04.09 – 07.11.2021
RX Receiver Platform a PowerPoint performance with earth mirror, pestle and mortar and receiver platform sculptures.Automatic Receivers was a special event in the Great Invocation exhibition at Garage Rotterdam curated by Pádraic E. Moore and explored the phenomena of automatism and receiving (‘recipere’).
Ruchama projects digital landscapes onto a screen. Placed before it, plants and stone pigments are strewn across a built platform. We are watching a PowerPoint presentation, a format native to corporate offices and academic institutions, the stuff of proposals and sales pitches, presentations and lectures. Hijacking this format for higher spiritual purpose, Ruchama Noorda is an artist whose work is deeply concerned with healing, nature, and the mythologies of alternative medicine as absorbed by the counterculture. This performance-based work is titled Rx, or ℞, an abbreviation used in medicine and pharmacology, communicating which drugs a patient has been prescribed. Derived from the Latin word ‘recipe’, ‘to take’, the same two letters occur in electronics, where it refers to the ‘receiver’.
Noorda’s practice draws upon ‘Lebensreform’, a late 19th- and early 20th-century social reform movement that rejected the rapid advances of industrialisation and urbanisation, advocating instead for vegetarianism, organic farming, sobriety and naturopathy. Lebensreform also turned to spiritual philosophies, including yoga and theosophy, for alternative models of living. Possibly due to the emigration of some of its practitioners to California in the mid-20th Century, the ethos of Lebensreform seems to have shaped or inspired the ‘hippie’ counterculture that emerged in the 1960s. Noorda’s practice draws upon the teachings and ritual practices of these movements, seizing digital means of presentation to offer a “faith-based praxis ritual” or live invocation of spiritual wisdom—all the while complicating the binary thinking which sets the corporate in opposition to the counterculture in the first place.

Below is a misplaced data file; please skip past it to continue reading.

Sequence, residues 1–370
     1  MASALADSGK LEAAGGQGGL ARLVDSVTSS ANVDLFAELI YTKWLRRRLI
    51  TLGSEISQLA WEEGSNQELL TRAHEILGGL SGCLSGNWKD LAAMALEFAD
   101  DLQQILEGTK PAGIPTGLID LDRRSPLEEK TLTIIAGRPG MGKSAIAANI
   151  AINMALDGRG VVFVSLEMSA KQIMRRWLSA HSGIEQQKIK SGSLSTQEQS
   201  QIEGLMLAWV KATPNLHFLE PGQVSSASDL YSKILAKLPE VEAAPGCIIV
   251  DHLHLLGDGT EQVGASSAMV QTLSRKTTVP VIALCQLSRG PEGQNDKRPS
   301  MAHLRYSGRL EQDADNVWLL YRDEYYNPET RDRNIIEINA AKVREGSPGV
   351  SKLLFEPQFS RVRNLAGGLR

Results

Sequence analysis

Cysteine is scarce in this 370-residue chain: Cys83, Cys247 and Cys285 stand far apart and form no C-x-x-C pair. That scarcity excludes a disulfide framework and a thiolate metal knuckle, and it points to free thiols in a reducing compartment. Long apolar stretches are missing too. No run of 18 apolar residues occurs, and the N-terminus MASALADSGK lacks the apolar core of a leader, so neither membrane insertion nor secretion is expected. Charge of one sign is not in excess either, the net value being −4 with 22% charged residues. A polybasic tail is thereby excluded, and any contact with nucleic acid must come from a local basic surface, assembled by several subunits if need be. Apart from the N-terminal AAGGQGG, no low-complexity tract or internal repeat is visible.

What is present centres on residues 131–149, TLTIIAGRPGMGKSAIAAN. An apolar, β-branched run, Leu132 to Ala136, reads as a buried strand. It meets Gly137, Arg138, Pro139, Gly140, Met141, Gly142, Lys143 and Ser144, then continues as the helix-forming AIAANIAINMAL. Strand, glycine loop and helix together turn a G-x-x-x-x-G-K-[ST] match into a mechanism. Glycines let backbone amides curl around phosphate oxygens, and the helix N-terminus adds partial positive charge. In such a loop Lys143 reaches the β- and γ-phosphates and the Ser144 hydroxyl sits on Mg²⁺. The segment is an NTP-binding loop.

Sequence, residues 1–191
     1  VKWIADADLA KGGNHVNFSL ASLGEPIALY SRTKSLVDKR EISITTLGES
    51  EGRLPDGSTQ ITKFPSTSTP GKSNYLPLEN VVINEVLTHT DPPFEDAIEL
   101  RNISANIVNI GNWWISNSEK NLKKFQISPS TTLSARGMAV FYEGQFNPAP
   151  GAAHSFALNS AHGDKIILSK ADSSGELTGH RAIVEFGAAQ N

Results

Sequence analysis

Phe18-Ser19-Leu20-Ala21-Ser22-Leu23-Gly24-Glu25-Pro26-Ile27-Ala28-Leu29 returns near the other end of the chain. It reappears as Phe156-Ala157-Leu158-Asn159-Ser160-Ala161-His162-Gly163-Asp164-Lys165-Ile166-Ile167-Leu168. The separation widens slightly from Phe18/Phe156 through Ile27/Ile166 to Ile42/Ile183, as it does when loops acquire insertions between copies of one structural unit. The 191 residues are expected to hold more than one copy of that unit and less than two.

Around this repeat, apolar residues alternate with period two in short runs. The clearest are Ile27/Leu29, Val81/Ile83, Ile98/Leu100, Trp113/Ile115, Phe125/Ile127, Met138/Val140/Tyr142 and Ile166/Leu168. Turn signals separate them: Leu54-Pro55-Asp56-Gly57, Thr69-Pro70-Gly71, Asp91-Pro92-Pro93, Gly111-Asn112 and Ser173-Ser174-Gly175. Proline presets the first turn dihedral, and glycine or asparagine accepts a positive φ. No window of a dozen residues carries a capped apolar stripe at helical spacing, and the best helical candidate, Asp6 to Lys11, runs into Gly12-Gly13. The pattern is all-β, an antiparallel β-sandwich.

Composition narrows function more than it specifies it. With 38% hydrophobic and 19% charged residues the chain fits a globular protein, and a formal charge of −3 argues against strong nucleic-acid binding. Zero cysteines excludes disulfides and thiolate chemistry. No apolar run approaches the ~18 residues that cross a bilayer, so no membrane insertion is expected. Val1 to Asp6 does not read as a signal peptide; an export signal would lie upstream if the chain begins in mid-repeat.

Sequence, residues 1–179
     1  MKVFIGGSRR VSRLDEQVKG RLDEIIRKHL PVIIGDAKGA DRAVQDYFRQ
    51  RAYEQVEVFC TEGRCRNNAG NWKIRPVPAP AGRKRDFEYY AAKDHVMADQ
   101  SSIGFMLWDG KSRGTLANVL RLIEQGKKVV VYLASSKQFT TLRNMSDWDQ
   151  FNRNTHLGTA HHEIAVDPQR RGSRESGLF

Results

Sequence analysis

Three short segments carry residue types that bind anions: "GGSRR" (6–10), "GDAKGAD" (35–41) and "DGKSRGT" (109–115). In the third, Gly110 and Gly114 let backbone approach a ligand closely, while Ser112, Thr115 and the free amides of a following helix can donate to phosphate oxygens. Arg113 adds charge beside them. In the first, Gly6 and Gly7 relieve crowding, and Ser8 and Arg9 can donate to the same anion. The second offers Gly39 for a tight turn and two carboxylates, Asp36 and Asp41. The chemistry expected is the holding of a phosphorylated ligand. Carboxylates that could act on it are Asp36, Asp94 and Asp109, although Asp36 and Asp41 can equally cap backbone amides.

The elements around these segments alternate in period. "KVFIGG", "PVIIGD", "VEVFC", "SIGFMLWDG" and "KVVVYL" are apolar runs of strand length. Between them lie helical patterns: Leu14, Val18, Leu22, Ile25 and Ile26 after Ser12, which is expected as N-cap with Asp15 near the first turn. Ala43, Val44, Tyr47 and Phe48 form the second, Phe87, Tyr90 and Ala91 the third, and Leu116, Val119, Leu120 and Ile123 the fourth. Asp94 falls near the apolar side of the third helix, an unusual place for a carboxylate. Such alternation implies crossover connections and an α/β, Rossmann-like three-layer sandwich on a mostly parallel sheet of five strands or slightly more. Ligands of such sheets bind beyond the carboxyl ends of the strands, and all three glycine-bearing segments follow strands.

‘The Great Invocation exhibition referred to the mantra allegedly received by British writer Alice Bailey from a spirit guide in 1945, as the last battles of WWII ravaged Europe. Bailey described The Great Invocation as a synthesis of meditation, prayer, and affirmation, that would assist the world in times of unprecedented calamity, thus ‘saving humanity from self-destruction’…
With work by Mikala Dwyer, Bertus Jonkers, Madge Gill, Jan Kervezee, Marc Lamy, Leo Luccioni, Ruchama Noorda Sharon Overmeiren, Ewoud van Rijn, Linder Sterling, Emma Talbot and Suzanne Treister.